October 2007
(Volume 10, Number 5)
ISSN  1449-2091

Michael Michie

Tiwi designs by Jennifer Coombs
Munupi Arts & Crafts Association,
Pirlangimpi, Melville Island, NT

Indigenous Science Links






Gunditjmara Country

Theo Read, who's been a member of this network since its inception, has finally had a breakthrough with the publication of Gunditjmara Country. He started working on this project over 10 years ago, looking at the western and indigenous science stories of three different geological landscapes. They were Gunbalanya or Oenpelli near Darwin, a sedimentary landscape; Kintore, west of Alice Springs, a metamorphic/granite area; and the Gunditjmara area near Heyward, Victoria, a volcanic region. Theo's work is especially interesting because of the involvement of the local indigenous people in each of the three areas who've taken him into the field to visit places of interest and told him the local stories relating to the origins of the landscape. All through this time Theo has also been teaching in Victoria, and has had sponsorship from Rio Tinto to do his fieldwork. A few years ago he also won a BHP science teacher's award. He has also written about his research and presented at a number of conferences.

Congratulations to Theo, who hopes that he'll be able to get the other two locations published as well. Details of how you can obtain copies of Gunditjmara Country should be available in the next bulletin.

Top science gong for Arnhem Land spider man (Australia)

An Arnhem Land school teacher whose students have found 45 new species of spider was recognised at this year's Eureka Science Awards in Sydney. Mason Scholes won the Eureka Prize for Science Teaching for developing a program in Maningrida which incorporates Indigenous knowledge with Western science.

Read about it at: Top science gong for Arnhem Land spider man

Eureka Win for West Arnhem Land Fire Project (Australia)

Congratulations to the entire West Arnhem Land Fire Abatement Project team who on Tuesday night won the inaugural Eureka Prize for Innovative Solutions to Climate Change.

Special congratulations to the project's leaders Jeremy Russell-Smith (Tropical Savannas CRC and Bushfires Council NT), Peter Cooke (Bawinanga Aboriginal Corp) and Traditional Owner Lofty Bardayal Nadjamerrek, however, the project has involved a host of other people including traditional owners and Indigenous rangers, the NLC, DLNG, CSIRO, AGO, Landgate and DNRETA.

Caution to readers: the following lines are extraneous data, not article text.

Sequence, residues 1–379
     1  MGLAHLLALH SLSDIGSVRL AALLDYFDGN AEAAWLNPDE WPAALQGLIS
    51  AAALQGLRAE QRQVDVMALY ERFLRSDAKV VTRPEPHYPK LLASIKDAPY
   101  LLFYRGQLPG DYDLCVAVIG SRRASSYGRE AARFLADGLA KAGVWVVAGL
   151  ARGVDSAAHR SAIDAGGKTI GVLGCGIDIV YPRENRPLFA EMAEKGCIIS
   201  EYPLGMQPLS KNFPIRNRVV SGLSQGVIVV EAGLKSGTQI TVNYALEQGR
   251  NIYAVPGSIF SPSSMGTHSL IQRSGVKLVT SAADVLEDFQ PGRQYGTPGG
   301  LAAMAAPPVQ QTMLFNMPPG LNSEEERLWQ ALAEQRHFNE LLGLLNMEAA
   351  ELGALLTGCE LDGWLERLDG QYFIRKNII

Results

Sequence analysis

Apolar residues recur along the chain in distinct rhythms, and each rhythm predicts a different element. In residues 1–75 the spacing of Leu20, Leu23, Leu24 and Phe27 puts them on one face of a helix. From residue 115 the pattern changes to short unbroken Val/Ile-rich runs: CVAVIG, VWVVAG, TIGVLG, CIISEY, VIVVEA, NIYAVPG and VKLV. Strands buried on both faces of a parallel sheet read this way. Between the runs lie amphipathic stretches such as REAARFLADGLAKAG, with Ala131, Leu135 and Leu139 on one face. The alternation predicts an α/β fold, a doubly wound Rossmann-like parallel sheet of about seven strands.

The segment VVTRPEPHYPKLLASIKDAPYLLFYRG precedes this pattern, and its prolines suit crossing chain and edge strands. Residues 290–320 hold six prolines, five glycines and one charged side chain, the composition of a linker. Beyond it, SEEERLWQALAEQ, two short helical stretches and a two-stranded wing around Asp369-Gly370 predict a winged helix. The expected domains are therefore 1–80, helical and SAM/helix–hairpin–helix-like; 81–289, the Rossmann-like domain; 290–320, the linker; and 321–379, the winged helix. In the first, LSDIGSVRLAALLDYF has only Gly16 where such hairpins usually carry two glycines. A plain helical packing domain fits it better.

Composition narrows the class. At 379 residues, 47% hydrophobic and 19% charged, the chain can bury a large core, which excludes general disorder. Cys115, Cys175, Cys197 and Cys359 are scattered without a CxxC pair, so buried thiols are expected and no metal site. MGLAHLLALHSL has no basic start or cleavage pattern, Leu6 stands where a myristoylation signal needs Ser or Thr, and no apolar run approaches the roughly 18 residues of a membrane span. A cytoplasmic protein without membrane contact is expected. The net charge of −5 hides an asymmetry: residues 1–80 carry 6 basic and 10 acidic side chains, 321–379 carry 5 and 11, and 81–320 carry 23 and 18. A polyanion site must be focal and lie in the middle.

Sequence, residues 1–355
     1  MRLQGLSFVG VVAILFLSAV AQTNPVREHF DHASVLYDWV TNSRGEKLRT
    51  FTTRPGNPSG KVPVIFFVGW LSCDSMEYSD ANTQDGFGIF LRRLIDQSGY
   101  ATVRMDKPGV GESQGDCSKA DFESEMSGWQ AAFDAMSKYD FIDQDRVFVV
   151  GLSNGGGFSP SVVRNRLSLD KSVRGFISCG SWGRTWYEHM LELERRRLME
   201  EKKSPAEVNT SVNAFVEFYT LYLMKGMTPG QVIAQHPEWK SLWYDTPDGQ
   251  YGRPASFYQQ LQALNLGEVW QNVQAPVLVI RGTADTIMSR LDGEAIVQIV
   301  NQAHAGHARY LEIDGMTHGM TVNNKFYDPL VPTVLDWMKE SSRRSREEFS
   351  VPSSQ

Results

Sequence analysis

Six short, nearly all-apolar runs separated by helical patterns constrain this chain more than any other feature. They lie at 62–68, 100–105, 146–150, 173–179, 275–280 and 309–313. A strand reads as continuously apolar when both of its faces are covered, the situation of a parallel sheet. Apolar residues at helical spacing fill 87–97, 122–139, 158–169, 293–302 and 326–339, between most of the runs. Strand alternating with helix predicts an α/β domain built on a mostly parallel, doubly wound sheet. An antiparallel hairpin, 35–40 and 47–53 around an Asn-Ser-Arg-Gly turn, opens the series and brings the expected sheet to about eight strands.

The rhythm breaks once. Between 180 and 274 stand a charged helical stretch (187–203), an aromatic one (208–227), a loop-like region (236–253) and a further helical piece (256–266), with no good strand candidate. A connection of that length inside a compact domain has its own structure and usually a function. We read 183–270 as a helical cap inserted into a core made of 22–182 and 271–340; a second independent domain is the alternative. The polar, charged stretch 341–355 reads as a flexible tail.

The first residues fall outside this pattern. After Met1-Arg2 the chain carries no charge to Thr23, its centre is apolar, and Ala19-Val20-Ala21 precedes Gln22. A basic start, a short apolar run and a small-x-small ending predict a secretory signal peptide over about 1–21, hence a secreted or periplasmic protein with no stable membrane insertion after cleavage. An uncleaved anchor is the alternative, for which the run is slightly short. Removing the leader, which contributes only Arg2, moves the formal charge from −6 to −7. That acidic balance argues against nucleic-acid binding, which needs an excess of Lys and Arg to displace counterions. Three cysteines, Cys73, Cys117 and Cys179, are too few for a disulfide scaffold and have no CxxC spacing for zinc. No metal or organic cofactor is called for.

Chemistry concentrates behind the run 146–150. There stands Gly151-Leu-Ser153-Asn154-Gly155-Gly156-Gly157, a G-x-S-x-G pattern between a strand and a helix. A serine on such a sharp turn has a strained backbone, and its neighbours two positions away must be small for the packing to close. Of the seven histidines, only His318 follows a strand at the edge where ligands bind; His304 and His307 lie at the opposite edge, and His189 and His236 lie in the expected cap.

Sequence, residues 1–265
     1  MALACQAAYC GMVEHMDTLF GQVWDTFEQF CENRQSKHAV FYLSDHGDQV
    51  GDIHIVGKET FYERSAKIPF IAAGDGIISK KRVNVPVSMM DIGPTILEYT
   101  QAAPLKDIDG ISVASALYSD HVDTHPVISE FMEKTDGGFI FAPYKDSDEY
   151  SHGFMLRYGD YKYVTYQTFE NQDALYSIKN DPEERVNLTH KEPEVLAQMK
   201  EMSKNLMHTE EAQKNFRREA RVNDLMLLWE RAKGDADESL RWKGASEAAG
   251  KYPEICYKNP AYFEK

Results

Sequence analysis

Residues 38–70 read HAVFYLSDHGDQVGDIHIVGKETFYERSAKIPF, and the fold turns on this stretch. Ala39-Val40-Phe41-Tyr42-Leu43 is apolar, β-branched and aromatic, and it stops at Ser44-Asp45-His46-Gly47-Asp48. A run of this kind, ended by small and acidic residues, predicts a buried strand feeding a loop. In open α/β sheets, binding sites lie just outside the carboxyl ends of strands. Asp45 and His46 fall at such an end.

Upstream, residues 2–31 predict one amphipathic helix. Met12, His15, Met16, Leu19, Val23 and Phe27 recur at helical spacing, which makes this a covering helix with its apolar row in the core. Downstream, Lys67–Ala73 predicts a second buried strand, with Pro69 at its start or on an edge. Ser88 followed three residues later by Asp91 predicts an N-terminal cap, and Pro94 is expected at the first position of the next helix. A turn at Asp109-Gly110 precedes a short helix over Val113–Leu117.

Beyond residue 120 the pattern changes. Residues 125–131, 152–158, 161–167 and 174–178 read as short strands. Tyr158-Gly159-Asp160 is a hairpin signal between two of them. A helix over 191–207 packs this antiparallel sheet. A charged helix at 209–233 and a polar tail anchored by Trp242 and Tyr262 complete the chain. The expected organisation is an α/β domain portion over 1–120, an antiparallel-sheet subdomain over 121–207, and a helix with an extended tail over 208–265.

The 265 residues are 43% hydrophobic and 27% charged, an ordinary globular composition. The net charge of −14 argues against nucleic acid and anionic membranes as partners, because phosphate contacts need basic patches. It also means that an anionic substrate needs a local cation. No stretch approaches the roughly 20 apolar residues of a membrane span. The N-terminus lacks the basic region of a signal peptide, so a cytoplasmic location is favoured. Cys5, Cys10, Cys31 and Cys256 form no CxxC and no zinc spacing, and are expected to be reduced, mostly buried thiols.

The WALFA team has spent 10 years developing this program which aims to abate West Arnhem Land wildfires. Savanna fires caused 40% of greenhouse gas emissions in the Northern Territory. The fires also accounted for 2-4 % of Australia's total national greenhouse gas emissions.

The WALFA scheme has reduced greenhouse gas emissions by 256,000 tonnes of CO2, double its initial target.

The WALFA scheme uses a "Two Tool Kit" approach because it employs ancient Indigenous practice and Western scientific knowledge to reduce wildfires. These techniques include cross-cultural planning and assessment, long cross-country bush walks, burning programs (undertaken increasingly by traditional landowners) and sophisticated fire-mapping technology as seen at

Australian Museum Director Frank Howarth said, "We admire the great cross-cultural collaboration on this project, and applaud the WALFA Two Tool Kit team for their innovation and perseverance."

"We also are thrilled to hear that Indigenous children have an increased interest in science at school, after seeing traditional Rangers and Western scientists working on the scheme. We look forward to a new generation of scientists," Mr Howarth said.

You can read all about the WALFA project on the CRC website:

Read about the Eureka Prize at

(Submitted by Julie Crough, Tropical Savannas Management CRC, Darwin, Australia)

Centre on Traditional Knowledge to be a reality (Australia)

The Northern Territory Government will commit an investment of $2.5 million to help establish a United Nations University Centre on Traditional Knowledge with Charles Darwin University (CDU) as host partner. 

Minister for Employment, Education and Training, Paul Henderson last week visited CDU’s Casuarina campus to announce the NTG’s commitment of $500,000 a year for a period of five years for a centre for Traditional Knowledge to be established at CDU.